Are CSUEB Professors Bullying Students? Students Speak Up in a Recent Poll

Lisa Wilson, Contributor

A poll of the student body conducted via the unofficial California State University, East Bay Discord group showed 88% of students have not felt bullied by a professor at CSUEB, although 12% have claimed to have been bullied by professors in the classroom. While there is a fine line between pushing students to be their best and bullying, how can we tell the difference? 
One key difference between pushing a student and bullying is the tone and intent behind the communication. Pushing students involves constructive criticism, positive reinforcement, and setting high expectations. Bullying, on the other hand, involves belittling, humiliating, or intimidating students.If your professor is firm on due dates, quality of work, or closed-book exams, this is not bullying.What can students do?
To improve communication with professors, students can take several steps:

  • Go to office hours: This is a great opportunity to ask questions, discuss assignments, and build a relationship with the professor. Get to know who is teaching you when possible.
  • Be respectful: Show respect to your professor by being on time, being mentally present in class, and actively listening.
  • Do the work: Engage in class discussions, ask questions, and show your interest in the subject matter.
  • Act right: Avoid using foul language or being overly casual with your professors.  Don’t call your professor ‘dude,’ ‘man,’ or their first name unless they tell you to use their first name.

College is supposed to be a safe and respectful learning environment for all students. By knowing the difference between a demanding professor and bullying, as well as being familiar with how to navigate these situations, students can help create a positive learning environment for everyone.  
Nevertheless, some students have reported incidents of professors calling them out in front of the class, using aggressive language, and even insulting their intelligence. This is not OK. This behavior not only affects students’ academic performance but also their mental health and well-being. Name-calling by a professor is NEVER appropriate.  This kind of behavior leads to resentment in students and can affect the work that students do for the class.  Some people stop trying when they don’t feel safe or respected in a learning environment. Some students may even be tempted to drop out.
It can be tough to tell the difference between bullying and a tough professor at times, especially if a student is not used to hearing constructive feedback. According to the National Institute Of Health, bullying in school is characterized by: “a teacher who uses his/her power to punish, manipulate or disparage a student beyond what would be a reasonable disciplinary procedure.” One way to tell the difference between the two interactions is to pay attention to the intentions behind the feedback. If a professor’s comments are meant to motivate and help you improve, then the comments are meant to teach and make you better. If the criticism is meant to demean or belittle you, then this is something to be concerned about, and is considered bullying. .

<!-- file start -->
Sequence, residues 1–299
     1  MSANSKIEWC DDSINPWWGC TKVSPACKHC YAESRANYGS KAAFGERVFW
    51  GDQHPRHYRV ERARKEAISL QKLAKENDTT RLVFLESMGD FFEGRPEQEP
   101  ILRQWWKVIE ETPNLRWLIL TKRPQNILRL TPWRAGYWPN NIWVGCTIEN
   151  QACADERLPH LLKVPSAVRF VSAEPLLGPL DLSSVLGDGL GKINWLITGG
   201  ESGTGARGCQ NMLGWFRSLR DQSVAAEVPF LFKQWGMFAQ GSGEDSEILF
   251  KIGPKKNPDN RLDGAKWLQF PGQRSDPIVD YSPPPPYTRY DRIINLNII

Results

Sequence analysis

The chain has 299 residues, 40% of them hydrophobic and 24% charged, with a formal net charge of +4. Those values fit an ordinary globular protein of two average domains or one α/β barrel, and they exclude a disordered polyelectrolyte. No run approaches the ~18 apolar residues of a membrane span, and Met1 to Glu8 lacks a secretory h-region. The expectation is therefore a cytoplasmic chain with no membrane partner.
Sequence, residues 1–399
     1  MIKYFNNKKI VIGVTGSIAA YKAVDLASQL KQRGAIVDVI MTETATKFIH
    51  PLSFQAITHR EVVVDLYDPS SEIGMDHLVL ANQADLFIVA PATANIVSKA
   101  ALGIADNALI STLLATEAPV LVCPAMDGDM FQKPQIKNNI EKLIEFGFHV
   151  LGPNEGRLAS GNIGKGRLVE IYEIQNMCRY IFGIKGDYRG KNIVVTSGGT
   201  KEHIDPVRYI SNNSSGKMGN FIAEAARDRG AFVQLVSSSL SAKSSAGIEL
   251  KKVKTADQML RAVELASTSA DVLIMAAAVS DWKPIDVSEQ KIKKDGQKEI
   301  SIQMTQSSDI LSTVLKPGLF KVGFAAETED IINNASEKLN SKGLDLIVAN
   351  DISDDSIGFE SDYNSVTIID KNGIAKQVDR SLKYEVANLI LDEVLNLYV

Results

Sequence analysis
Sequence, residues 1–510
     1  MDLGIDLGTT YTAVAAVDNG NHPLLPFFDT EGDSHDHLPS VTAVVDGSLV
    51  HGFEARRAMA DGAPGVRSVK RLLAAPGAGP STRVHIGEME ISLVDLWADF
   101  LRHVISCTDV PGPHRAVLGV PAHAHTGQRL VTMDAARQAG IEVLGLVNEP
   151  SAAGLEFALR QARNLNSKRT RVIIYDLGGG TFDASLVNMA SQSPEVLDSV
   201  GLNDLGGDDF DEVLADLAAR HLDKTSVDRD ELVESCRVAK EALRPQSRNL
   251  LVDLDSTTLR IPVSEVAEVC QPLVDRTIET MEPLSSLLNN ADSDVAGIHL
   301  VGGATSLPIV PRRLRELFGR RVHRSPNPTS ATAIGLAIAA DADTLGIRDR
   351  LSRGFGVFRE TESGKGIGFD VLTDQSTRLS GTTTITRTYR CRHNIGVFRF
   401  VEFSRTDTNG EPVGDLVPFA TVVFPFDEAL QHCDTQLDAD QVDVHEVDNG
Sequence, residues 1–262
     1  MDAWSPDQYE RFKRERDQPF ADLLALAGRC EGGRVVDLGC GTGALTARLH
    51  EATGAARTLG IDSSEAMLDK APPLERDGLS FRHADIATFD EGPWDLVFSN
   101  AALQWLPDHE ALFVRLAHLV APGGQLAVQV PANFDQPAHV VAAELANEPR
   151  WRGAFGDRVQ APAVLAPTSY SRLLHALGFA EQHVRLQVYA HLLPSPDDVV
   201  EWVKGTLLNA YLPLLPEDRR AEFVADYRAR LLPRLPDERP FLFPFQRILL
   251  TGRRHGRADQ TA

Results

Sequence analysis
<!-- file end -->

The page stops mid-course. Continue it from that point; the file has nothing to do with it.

Sometimes, miscommunication can be the product of a culture clash.  This can be the result of a misunderstanding based on differences in background, age, or generational gaps. The key to solving these kinds of issues is understanding. To improve communication with professors, students can practice strong communication skills. This includes actively listening to feedback, asking questions for understanding, and reaching out for help when needed. 
Expressing your grievances in a timely and professional way is important if you are being bullied, since staying in a bad situation over a prolonged period of time can affect your mental health and your grades. This can mean speaking with the professor directly and expressing how their behavior is affecting the you. Demonstrate the same respect you deserve as a student, even when it’s challenging. Doing this will also help other students who may be affected by bullying in the same class who don’t speak up out of fear. If this does not resolve the issue, students can talk to a counselor or the department chair to file a formal complaint.  

Tips If You Feel Bullied

  • Document what happened: Write down specific incidents and dates of the bullying.
  • Speak to the professor: Try to resolve the issue by speaking to the professor and explaining how their behavior is affecting you.
  • Speak to a counselor: Talk to a counselor for support and guidance on how to handle the situation.
  • Speak to the department chair: If the issue is not resolved, speak to the department chair to file a formal complaint.

CSUEB has resources available for students who feel bullied or need support. The Discrimination Harassment and Retaliation pages, or DHR, offer resources for filing a complaint. CSUEB also offers counseling and supportservices, while the Office of Equity and Diversity provides resources for addressing discrimination and harassment. Students can also speak with their academic advisors or the university ombudsperson for guidance on how to handle the situation.
Bullying by college professors may be a rare, but real problem that can impact students greatly. A good professor will always ask for the best from students, but bullying is never okay. Thus, college students are responsible for recognizing the differences between challenging and bullying professors, as well as learning how to communicate effectively to address the issue.  Keep channels of communication open, and ask questions when you have a misunderstanding with a professor. Understanding where the professor is coming from will often help solve misunderstandings and help to make your educational experience that much richer.